It's Another Round of Auto Bailout Talks

Ad Feedback - WASHINGTON - U.S. auto executives are going back to Capitol Hill for another round of bailout talks.

But their requests have jumped from $25 billion to $34 billion.

Auto Execs Present Plans to Congress

The tin cups will be out in force on Capitol Hill Thursday as the CEOs of the struggling Big Three automakers come to town again trolling for federal dough.

Click play for more analysis with Andrew Grossman of the Heritage Foundation.

"We're on the brink with the U.S. auto manufacturing industry," warned Chrysler vice chairman Jim Press. "If we have a catastrophic failure of one of these car companies, in this tender environment for the economy, it's a huge blow. It could trigger a depression."

But this time they came with more than dire warnings, but also a plan of how they will remain viable and competitive.

"They need to show that they have cut all the way to the bone, that they made every effort to find every possible dollar," said Rebecca Lindland, senior automotive analyst of Global Insight.

So here's their plan: 

General Motors wants $18 billion, $4 billion of it this month so they don't go under. They promise to build 15 hybrids and cut costs by getting rid of 30,000 workers, nine plants and 1,700 dealers.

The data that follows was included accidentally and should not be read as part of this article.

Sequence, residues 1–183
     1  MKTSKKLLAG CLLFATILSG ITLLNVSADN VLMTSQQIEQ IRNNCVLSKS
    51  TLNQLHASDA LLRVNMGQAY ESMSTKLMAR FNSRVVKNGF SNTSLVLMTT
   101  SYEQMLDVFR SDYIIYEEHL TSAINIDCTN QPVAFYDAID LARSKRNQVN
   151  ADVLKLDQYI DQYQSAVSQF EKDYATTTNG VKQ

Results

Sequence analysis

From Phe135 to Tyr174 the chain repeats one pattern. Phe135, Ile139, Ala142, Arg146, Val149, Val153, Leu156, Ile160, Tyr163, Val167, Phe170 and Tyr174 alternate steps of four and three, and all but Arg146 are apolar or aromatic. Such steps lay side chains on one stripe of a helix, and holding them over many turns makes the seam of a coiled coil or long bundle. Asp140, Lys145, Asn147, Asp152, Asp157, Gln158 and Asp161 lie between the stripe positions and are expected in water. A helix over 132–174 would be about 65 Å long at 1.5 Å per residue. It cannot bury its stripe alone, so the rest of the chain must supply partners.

Ford wants a credit line up to $9 billion and says it plans to move quickly on building hybrids and battery powered vehicles. They'll also sell Volvo and 600 dealers.

In addition, Ford's CEO says he'll work for a dollar if they get the bailout money.

Chrysler wants $7 billion and plans to have 24 new products by 2012, including hybrid-electric drive vehicles. The company also plans to cut 25 percent of its work force.

Meanwhile Wednesday, outside of DC and in anticipation of Thursday's hearing, auto dealer employees rallied for the federal bailout money.

Pelosi: Bankruptcy is Not an Option

The good news for the Chrysler president and autoworkers is that it looks like - somehow, someway - they'll get bailout money from Washington.

"An intervention will happen either legislatively or from the administration. I think it's pretty clear: bankruptcy is not an option," House Speaker Nancy Pelosi said. And those fancy CEO corporate jets aren't an option either.

The automaker big wigs will drive to Capitol Hill Thursday, not fly in private company planes like they did when they came here a few weeks ago. Welcome to the recession of 2008.

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David Brody

David Brody

CBN News White House Correspondent

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